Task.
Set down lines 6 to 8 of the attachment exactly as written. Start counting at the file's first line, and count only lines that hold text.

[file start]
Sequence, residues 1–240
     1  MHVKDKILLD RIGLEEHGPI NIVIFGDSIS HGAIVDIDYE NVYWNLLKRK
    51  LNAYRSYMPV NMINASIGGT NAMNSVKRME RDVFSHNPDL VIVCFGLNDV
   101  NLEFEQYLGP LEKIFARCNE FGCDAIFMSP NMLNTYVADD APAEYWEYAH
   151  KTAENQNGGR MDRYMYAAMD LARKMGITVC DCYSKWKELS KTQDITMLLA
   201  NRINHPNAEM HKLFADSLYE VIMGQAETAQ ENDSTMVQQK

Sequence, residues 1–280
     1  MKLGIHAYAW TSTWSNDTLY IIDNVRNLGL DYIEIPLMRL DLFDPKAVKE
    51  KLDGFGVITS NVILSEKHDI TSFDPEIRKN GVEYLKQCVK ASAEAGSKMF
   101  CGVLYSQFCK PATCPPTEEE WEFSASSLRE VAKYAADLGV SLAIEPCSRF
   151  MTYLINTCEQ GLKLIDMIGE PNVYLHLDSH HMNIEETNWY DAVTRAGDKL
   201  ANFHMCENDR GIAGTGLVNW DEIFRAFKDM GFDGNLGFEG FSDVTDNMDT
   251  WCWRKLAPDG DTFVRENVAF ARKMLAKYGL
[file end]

   201  NRINHPNAEM HKLFADSLYE VIMGQAETAQ ENDSTMVQQK

Sequence, residues 1–280
     1  MKLGIHAYAW TSTWSNDTLY IIDNVRNLGL DYIEIPLMRL DLFDPKAVKE